I once read something somewhere that compared the Beatles evolution as artists to ‘N Sync becoming Radiohead in a matter of six years. That’s pretty impressive. But David Bowie, on the other hand, went from pop songwriter to krautrocker to classical composer to ambient experimenter in the course of one album. Low is the first of the storied Berlin Trilogy, a series of albums he recorded with producer Brian Eno to escape the drugs of Los Angeles. While we now wait years upon years for musicians to release their next album, Bowie also completed and released the second album of the trilogy, “Heroes,” in the same year. The exact same year. 1977 was a good year to be David Bowie.
As a performer, Bowie has numerous unforgettable incarnations: Ziggy Stardust, Aladdin Sane, the Thin White Duke, whatever personality he decided to use as an excuse for Earthling, etc. But, for me, there has only ever been two Bowies. There is high-voiced Bowie and there is low-voiced Bowie. In the earlier part of the ’70s, Bowie doesn’t stray very far out of his higher range but as the decade, and his career as a whole, wore on, his voice dropped. In the ’70s, at least, high voiced-Bowie is the more traditional pop singer, creating classics like Hunky Dory and The Rise and Fall of Ziggy Stardust and the Spiders from Mars, while low-voiced Bowie is a completely different animal, charting much more experimental ground.
Due to vocal dubbing, which effectively allowed Bowie to become his own back-up singer, Low is the unification of the two Bowies, which, in effect, becomes a metaphor for the framework of the album itself, succeeding in being both a pop record and an experimental one. While the beginning of Low is populated with the more established pop song structure, the latter half of the album gives way to territory that Bowie, as a pop singer, had not yet tread. Low‘s first single “Sound and Vision,” which his record company begrudgingly released but became Bowie’s biggest hit in years, is the perfect coupling of Bowie’s two sides. High-voiced Bowie sings, “Blue, blue, electric blue,” while low voiced Bowie joins in with “That’s the color of my room / Where I will live.” “Sound and Vision” follows Low‘s overall aesthetic in that it’s part pop song, part experiment. More than half the song is exposition before the vocals even come in and when they do appear, they are sparse and certainly not the forefront of the song. It’s the instrumentation that’s so beguiling and it seems to go in loops until you feel like you’ll get dizzy if you listen to it for any longer.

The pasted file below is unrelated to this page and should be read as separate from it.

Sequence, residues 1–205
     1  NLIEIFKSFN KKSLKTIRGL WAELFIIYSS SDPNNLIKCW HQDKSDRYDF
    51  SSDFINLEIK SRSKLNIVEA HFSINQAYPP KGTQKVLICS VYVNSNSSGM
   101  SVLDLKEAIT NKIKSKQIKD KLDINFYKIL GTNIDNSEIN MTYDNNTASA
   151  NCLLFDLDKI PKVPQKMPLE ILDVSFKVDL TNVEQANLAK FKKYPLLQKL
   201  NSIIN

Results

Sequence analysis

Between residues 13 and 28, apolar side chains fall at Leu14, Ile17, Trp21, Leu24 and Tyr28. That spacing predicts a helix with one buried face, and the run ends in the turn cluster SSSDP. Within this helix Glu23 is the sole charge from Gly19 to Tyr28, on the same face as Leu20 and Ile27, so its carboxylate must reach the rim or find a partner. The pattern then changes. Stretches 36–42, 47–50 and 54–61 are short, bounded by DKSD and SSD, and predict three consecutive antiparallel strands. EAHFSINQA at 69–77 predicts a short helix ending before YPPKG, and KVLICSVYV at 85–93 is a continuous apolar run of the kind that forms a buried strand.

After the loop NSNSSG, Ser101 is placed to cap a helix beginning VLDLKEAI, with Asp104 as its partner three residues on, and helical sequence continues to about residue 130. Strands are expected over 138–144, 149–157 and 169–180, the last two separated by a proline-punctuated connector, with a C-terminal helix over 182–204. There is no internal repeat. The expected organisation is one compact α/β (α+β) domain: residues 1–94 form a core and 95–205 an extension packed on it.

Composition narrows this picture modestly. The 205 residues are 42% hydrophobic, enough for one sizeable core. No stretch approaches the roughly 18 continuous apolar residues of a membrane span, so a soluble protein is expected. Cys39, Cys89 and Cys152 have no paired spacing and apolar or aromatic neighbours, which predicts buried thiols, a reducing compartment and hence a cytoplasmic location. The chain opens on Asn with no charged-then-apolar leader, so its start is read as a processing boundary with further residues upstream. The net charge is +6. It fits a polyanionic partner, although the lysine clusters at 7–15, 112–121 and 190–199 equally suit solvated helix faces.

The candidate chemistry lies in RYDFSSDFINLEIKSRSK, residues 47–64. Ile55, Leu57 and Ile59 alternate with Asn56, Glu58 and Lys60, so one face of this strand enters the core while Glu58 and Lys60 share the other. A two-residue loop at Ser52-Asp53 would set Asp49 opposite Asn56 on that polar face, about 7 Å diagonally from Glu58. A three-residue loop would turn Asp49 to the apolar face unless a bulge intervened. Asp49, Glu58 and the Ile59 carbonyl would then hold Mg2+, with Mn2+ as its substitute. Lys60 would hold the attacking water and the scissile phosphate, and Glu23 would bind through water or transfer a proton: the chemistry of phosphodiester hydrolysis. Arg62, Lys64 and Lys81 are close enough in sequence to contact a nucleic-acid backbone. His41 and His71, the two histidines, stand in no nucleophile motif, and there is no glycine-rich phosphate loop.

The rest of the pop-structured songs on Low are equally as atypical. Their running time, only two clocking in at over three minutes, suggest they are more snippets that fully realized songs but Bowie is able to make them seem complete. Songs like “Breaking Glass,” which boasts a guitar line that actually seems to bend to get inside your ears, and “Always Crashing the Same Car,” which, if it had been released scant years later it would have been a New Wave smash, rank among Bowie’s best, even if they happen to be a little stranger than the rest. But isn’t that what made Bowie so great in the first place?
As a producer, Eno left his indelible mark all over Low and his 1975 masterpiece Another Green World is as much as precursor to Low as Bowie’s own Station to Station. On Another Green World, Eno was able to perfect the art of the ambient soundscape and he is not stingy about sharing the wealth with Bowie. “Warszawa” is beautiful and atmospheric, almost classical in composition, “A New Career in a New Town” is bouncy and fun. But Eno wasn’t Bowie’s only influence on Low and, in this way, Berlin became more of a just a place for Bowie to escape LA’s drug-fueled scene. The song “Weeping Wall” could have been a Kraftwerk song, with its chugging, repetitious synths, if it weren’t for the chant at the end, which was the just too damn human for the band of robots.
Low ends with “Subterranean,” an ironic title for a man who made a name for himself as an extraterrestrial. And while Ziggy Stardust faded from view and was replaced by other personas before the start of the Berlin trilogy, it’s almost as if Bowie is saying to his audience, “I’m constantly changing. You need to keep your eyes on me to find out what I’m going to do next.” Low gives us a reason to keep watching.